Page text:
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“It is not only a bad idea, it upsets the constitutional design and it disservices the country” — 2005 speech by then-Sen. Joe Biden about ending the Senate filibuster rule.

That was when the Senate also was split 50-50, but the vice president who could break a tie was a Republican instead of a Democrat. Now, the president has different ideas, to change if not kill the rule.

Two Democratic senators have stood in the way of killing the filibuster, Arizona’s Kyrsten Sinema and West Virginia’s Joe Manchin. But they are facing strong pressure from their party to end a rule tied to bipartisanship, allowing Congress to pass legislation without a single vote from the opposition party instead of the 60 votes needed now. Bills on three major issues — voting procedures, immigration and gun control, have come from the Democratic-controlled House but lack enough support in the Senate.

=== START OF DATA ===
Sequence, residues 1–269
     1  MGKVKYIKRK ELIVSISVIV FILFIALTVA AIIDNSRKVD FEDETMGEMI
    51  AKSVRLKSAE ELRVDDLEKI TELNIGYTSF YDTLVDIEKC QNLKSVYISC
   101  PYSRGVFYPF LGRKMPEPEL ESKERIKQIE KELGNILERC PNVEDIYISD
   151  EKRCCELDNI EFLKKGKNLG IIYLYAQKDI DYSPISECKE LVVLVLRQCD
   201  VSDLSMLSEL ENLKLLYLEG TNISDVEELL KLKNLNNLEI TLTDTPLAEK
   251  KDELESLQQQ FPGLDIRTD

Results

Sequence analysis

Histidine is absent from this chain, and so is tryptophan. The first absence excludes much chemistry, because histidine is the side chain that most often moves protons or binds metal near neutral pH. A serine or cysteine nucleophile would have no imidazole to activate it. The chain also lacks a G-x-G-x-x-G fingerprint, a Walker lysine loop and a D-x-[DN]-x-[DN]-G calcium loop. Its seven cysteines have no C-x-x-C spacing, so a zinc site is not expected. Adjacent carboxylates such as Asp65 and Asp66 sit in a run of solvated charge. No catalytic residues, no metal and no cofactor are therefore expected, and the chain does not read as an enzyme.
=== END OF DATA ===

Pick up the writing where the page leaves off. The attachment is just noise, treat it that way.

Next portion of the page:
She also stood against a proposal for a $15 minimum wage, something many observers predicted would provide too much shock to the economy. Arizona, on the other hand, has raised the wage gradually, now up to $12.15.

In an interview, Sinema said the answer to “a place that’s broken and not working” is not to “erode the rules.” “I think the solution is for senators to change their behavior and begin to work together, which is what the country wants us to do.”

Sinema was the first Democrat elected to the Senate from Arizona in 30 years. And state voters are about a third independent with a third each from the major parties. She obviously is a smart politician, but at the same time many of her constituents believe she is doing the right thing.

Meanwhile, a potential primary opponent for her, state Sen. Martin Quezada, told the Wall Street Journal that although she campaigned as a moderate, he expected her to be more progressive once elected. What an interesting concept, a politician who acts the way she talked. That’s something many Pinal County residents, including some Republicans, no doubt appreciate.

— Donovan Kramer Jr.

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